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Jere 06-07-2014 12:35 PM

Getting Started #2 - Beater Bag
11 Attachment(s)
I look at, and respond to, quite a number of the Introductions posted on this forum. A fair number of the people that sign up mention that they are here to learn how to “get started” in metal shaping. Many of those “Getting Started” are younger fellows just starting out in life and are not doing this sort of work for a living. They have a real job that pays the bills and they work on their projects at nights and weekends. Another thing that is mentioned while reading their introduction is that they are often saving money to get the next tool or saving to purchase a video. These are the fellows I am interested in helping to put together an inexpensive tool set. The tools that are not readily available at the local hardware store, or have to pay an arm and a leg for a specialty tool that they may use only once.

Here comes the disclaimer. There have bean several posts here inquiring as to the safety of breathing the dust from sand or lead shot emitted from the bag while in use. Please look up and read some of these posts so you are aware of the hazards that may be present while using this tool.

Now lets get started making a Beater Bag.

Attachment 28274
The bag can be made of ether leather or heavy canvas. I saw at Harbor Freight a split leather welding apron for $11.00 the other day and thought that would make several bags. What I use for my bags and several I have made for friends are hand bags purchased at the local thrift store. That is what I'm about to make this bag from. It's a heavy canvas bag with pockets on the outside.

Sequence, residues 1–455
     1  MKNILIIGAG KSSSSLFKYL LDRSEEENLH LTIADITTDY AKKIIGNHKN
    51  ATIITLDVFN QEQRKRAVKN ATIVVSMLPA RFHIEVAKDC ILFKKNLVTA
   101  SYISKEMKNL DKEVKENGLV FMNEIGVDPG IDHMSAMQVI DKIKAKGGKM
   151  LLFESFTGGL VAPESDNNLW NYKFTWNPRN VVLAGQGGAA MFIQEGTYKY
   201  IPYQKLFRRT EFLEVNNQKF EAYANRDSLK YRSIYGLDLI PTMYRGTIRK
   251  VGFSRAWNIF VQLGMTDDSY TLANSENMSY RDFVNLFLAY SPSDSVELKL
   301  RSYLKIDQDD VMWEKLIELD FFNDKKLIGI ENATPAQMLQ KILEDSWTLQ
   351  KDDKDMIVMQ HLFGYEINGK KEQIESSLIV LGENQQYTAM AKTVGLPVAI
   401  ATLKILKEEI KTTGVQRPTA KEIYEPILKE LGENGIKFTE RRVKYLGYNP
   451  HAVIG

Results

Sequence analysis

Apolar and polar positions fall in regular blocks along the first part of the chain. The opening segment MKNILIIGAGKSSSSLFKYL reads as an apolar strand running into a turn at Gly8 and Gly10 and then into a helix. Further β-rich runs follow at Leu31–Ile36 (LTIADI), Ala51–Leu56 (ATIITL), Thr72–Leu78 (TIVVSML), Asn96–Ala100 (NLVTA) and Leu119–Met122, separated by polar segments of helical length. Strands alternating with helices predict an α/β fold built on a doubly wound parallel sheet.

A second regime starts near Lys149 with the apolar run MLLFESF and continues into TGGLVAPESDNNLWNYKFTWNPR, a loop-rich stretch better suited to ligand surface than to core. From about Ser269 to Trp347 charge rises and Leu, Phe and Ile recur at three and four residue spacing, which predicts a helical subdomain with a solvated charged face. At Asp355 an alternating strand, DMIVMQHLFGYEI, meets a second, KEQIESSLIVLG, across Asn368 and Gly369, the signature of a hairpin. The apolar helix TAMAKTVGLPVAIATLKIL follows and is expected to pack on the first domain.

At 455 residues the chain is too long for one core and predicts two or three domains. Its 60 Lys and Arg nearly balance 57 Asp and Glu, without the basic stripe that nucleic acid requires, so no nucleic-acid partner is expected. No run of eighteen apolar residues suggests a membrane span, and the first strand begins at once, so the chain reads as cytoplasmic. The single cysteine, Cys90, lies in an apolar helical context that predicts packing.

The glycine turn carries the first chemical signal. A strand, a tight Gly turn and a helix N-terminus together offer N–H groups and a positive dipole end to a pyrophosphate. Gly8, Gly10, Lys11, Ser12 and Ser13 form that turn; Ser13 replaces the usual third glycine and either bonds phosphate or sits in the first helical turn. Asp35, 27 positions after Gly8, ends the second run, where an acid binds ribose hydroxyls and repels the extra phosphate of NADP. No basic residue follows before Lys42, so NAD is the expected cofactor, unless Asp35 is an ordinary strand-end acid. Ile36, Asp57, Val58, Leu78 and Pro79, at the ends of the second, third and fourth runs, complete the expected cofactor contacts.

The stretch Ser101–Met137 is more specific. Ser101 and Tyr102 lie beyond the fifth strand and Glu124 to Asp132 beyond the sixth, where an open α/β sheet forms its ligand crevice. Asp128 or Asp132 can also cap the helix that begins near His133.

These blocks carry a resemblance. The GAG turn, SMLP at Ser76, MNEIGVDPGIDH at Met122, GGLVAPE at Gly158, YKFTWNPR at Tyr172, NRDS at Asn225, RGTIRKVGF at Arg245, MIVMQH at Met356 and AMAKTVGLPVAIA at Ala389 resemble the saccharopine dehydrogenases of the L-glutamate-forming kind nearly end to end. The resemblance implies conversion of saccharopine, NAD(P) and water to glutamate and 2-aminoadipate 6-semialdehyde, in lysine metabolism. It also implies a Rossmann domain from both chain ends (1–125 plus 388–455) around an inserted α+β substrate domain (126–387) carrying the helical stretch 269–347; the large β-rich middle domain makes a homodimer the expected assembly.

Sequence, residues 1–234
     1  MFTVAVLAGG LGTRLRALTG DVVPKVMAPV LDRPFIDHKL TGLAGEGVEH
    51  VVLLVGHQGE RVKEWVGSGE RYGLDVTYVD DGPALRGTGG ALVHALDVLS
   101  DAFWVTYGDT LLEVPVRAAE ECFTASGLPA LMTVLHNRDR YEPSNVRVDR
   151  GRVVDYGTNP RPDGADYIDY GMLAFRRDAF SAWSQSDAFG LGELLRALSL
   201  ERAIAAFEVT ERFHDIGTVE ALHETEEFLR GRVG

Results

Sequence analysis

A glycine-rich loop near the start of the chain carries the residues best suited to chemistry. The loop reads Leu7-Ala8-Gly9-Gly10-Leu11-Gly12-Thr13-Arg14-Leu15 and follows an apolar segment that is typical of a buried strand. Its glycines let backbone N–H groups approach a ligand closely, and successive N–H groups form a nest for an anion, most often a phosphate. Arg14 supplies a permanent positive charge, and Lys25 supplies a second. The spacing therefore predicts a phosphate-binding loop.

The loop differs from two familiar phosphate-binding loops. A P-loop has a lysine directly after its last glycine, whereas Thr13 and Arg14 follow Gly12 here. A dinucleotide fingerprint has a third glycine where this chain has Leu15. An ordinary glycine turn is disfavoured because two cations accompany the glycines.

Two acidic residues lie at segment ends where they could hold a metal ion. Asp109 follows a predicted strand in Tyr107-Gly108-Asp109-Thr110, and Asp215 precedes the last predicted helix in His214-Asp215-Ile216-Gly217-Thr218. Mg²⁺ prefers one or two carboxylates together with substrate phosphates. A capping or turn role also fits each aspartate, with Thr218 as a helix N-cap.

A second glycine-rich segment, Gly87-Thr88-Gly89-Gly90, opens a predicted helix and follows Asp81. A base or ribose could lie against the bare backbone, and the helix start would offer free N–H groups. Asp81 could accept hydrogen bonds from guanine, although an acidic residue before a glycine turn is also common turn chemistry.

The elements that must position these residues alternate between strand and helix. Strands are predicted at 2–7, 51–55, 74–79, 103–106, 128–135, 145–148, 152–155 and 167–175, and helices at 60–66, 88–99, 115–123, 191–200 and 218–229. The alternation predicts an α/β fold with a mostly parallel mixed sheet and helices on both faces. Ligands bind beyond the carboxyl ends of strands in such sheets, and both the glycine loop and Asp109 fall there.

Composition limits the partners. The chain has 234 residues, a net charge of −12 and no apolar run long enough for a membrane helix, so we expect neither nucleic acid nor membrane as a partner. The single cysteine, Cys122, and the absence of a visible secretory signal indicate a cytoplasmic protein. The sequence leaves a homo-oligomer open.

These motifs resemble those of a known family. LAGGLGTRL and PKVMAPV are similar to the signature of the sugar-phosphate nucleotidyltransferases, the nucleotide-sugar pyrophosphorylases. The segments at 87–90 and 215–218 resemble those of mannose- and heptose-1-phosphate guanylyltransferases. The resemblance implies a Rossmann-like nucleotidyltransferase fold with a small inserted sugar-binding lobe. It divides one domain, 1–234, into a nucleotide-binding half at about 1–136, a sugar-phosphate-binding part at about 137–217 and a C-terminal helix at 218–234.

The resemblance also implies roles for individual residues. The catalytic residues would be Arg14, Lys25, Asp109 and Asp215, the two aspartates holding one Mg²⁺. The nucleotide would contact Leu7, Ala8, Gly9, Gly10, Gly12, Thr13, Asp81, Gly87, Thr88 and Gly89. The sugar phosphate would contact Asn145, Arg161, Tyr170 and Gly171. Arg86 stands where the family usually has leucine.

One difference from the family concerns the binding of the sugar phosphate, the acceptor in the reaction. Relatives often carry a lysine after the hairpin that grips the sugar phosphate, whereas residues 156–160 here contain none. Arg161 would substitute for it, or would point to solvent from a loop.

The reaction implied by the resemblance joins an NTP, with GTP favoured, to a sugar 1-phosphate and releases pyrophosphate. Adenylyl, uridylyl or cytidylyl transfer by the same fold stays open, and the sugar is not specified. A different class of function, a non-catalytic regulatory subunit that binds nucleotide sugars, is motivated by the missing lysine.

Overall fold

This bag cost me $4.99.
The bag of sand cost $5.00. It was torn open and missing about one third of it's content so they sold it to me for half price just to get it out of their store.
The plastic trash bag is to help control the dust.

Attachment 28275
If you are making your own bag, and will be doing the sewing, first you want to glue the edges with BARGE glue. It is the best for gluing leather. Don't forget to leave about 2” not sewn in order to fill the bag. You could take the leather to a saddle shop or a shoe repair and ask them to do the sewing. Be sure to do the sewing with waxed cotton and NOT nylon thread. Nylon thread will cut into the leather.
You can purchase a sewing awl for quite cheap and do the sewing your self. You will need it to close up the last 2” after filling the bag with sand.

Attachment 28279
The first thing was to cut off the handles and all the outside pockets.

Attachment 28280
I didn't know until I was cutting it apart that there was a small pouch inside the bag that would make another small sand bag. I had the top sewn shut and used a zip lock bag inside for dust control. I filled it with sand and zipped it shut. Less than a minute and BAM another bag.

Attachment 28281
Here is the main bag after all the outside pockets were removed. Note at the top right there is a small tear.

Attachment 28282
I took the bag, the small pocket, and the large outside pocket to a seamstress and had her do all the sewing and repair to the large bag, leaving a 2” opening to fill through. She charged me $5.00 to do all the sewing.

Attachment 28283
I filled the trash bag inside the large bag and taped it shut. Slid the zipper shut and the big bag was complete. While filling the bag, shake it every so often to settle the sand and to make sure it gets into all the corners. After the bag is filled, and closed up, lay it flat and drop it on the table several times, turning it over each time you drop it. That will settle the sand and make it flat both top and bottom.

Attachment 28284
After filling all three bags this is what I had when finished. Three sand bags for $15.00 and about 5 hours including shopping, sewing, and filling.